For people who enjoy smoking, knowing when it is safe to smoke can sometimes be challenging. Is it risky and dangerous to smoke after certain dental procedures or while pregnant or breastfeeding are common questions they have.
For many people not knowing the answer to these questions can be frustrating. While they want to be able to enjoy a relaxing smoke, many don't want to risk causing themselves or others unnecessary pain and other problems by smoking at inappropriate times. The following are answers to some common questions smokers ask about when it's safe to smoke.
1. How Long After Wisdom Teeth Removal Can I Smoke？ When Can I Smoke After Tooth Extraction？
Many smokers who have recently seen a dentist to repair or remove a wisdom tooth often wonder how long after wisdom teeth can they smoke. The answer varies depending on what type of work you have done on your wisdom tooth. However, a good rule of thumb is to wait between 48 and 72 hours after having dental work done on your wisdom tooth before smoking. There are several good reasons for waiting a few days before smoking after a dentist has been working on your wisdom tooth before you start smoking once again.
1) The chemicals in cigarettes can interfere with the healing process and make it take longer.
2) Smoking too soon after having work done on your wisdom tooth increases your chances of developing a painful condition known as a dry socket threefold.
3) You are much more likely to develop an infection in your wisdom tooth if too much of the chemicals in the cigarette get into any cuts around the tooth before they heal properly.
So if you want to make sure dental work done on your wisdom tooth heals as quickly as possible, wait 48 to 72 hours before smoking.
2. Can You Smoke After A Root Canal?
After most dental procedures people are discouraged from smoking cigarettes. That's why it's understandable if you ask can you smoke after a root canal. You can….but it’s not recommended to smoke….ever.
There are no restrictions smoking cigarettes after a root canal. While smoking can potentially be a problem when it comes to the healing of the gum after an extraction, it is unlikely to have any effect on a completed root canal because the nerve has been removed and the hole sealed. This prevents cigarette smoking from interfering with it and causing a dry socket.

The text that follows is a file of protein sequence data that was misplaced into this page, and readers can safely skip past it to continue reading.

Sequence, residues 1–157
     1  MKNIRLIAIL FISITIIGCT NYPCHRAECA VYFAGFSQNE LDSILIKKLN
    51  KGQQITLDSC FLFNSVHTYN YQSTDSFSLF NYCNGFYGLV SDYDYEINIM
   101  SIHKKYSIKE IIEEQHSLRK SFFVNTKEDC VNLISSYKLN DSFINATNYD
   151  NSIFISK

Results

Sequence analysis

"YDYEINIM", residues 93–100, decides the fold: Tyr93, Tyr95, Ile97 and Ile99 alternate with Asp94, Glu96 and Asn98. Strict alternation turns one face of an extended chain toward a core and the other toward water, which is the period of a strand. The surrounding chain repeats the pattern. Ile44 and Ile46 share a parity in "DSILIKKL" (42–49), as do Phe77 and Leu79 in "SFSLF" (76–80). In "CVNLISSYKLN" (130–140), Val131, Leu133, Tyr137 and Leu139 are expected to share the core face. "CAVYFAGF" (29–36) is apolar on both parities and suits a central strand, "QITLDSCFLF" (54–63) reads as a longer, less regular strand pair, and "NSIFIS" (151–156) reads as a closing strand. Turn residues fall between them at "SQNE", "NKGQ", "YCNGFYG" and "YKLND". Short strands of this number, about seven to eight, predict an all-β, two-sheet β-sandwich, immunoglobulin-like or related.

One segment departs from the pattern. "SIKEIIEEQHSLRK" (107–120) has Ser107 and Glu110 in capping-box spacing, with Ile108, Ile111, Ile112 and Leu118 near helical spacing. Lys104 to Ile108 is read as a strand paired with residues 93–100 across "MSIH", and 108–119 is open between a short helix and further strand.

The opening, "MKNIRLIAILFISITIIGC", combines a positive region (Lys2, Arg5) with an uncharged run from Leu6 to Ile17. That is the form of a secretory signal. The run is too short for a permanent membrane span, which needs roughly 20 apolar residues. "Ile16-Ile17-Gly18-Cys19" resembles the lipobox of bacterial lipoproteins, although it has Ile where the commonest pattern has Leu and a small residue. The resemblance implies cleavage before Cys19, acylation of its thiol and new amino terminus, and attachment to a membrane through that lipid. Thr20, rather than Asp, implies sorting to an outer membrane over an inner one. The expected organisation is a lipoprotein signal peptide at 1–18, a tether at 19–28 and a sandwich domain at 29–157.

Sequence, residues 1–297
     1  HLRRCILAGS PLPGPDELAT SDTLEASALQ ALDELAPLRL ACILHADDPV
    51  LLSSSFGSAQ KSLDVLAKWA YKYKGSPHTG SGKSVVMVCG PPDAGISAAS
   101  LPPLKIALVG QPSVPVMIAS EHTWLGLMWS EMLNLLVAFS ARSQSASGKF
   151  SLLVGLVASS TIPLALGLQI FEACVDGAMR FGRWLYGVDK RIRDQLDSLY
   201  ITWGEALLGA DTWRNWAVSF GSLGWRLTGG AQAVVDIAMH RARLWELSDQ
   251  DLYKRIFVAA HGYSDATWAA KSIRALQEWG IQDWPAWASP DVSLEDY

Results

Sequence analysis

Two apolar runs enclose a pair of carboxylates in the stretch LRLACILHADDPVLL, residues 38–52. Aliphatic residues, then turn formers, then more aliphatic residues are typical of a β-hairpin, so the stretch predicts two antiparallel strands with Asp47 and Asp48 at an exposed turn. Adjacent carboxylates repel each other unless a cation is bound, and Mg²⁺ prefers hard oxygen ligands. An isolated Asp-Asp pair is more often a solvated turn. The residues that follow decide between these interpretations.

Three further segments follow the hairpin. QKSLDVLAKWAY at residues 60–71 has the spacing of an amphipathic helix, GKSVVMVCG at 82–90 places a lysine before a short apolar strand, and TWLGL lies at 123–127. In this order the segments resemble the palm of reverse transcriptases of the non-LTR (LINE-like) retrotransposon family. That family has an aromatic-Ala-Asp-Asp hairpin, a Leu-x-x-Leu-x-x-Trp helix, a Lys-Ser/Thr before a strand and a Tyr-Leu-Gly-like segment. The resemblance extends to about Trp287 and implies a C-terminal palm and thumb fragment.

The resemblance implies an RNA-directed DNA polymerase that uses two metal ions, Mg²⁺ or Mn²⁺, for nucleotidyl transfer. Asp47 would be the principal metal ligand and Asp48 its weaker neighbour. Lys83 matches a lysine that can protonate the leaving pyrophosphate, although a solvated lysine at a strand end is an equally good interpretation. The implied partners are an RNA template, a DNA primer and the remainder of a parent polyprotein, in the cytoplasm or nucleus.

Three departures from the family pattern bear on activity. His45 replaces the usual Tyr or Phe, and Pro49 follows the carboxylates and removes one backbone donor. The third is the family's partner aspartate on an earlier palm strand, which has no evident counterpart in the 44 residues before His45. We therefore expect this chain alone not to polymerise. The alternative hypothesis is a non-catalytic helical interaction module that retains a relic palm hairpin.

3. What Are The Dangers Of Smoking Cigarettes While Pregnant？
When women smoke during pregnancy, the cigarette smoke they take in contains over 2,500 chemicals that can potentially negatively impact their unborn child. It can cause the underdevelopment of the fetus because of carbon monoxide and nicotine decreasing fetal oxygen levels. Nicotine can easily crosses the placenta. It has been found large concentrations in breast milk, amniotic fluid and fetal blood when pregnant women smoke. This can disrupt the ability of a baby to sleep.
Smoking during pregnancy leads to more complications during pregnancy, stillbirths, birth defects and children with chronic disabilities, ADHD, congenital heart defects, cognitive and behavioral problems, mental retardation, childhood cancer like leukemia and lymphoma and other serious health problems.
When women smoke while pregnant, it increases the risk they will give birth to an infant who has a low birth weight and is more susceptible to SIDS, cancer and attention deficit disorder. The effects of smoking while pregnant can negatively impact the child for decades after they are born. Many of those children end up with lower levels of HDL or 'good' cholesterol. This increases their risk of suffering strokes and heart attacks when they get older.
4. Can You Smoke While Breastfeeding?
The carcinogens and other toxic chemicals in the cigarettes a breastfeeding mother smokes make their way into breast milk at very high rates. When babies drink the milk, the chemicals make their way into their bodies. The amount of the toxins and the risks they pose depends on how much and how often the breastfeeding mother smokes. Smoking reduces the amount of breast milk mothers produce and leads to their babies suffering with abdominal cramps, vomiting and diarrhea.
But breast milk contains enzymesso many that provide important protective immunities for infants, doctors still encourage mothers who smoke to breast feed their babies. Sadly, the toxins from smoking puts those babies at risk for lung infections, asthma, painful colic and more allergy-related illnesses.
When women ask their doctors can they smoke while breastfeeding the answer they usually get is yes, but with a caveat.
1) They are not allowed to smoke while breastfeeding or immediately before. This ensures less nicotine and other dangerous chemicals in cigarettes get into the breast milk.
2) They must smoke outside the home and away from the child. The mother must agree to smoke fewer cigarettes, cover their hair with a shower cap while smoking, wear a 'smoking outfit' and change their clothes and leave them outside after smoking to protect the child from the dangers of second-hand smoke.
5. Can You Donate Blood If You Smoke?
According to the American Red Cross, smoking cigarettes doesn’t disqualify a person from donating blood. However, smokers who want to donate blood should plan to not smoke the day of their appointment before they make their blood donation and for at least 30 minutes afterward because of an increased risk of dizziness or fainting.
The only reason cigarette smoking can prevent you from donating blood is because it raises your blood pressure. If you smoke before donating your blood and your blood pressure is too high when you get to the facility, you will not be allowed to donate your blood. So if you are serious about donating blood, don't smoke until after you have made your blood donation.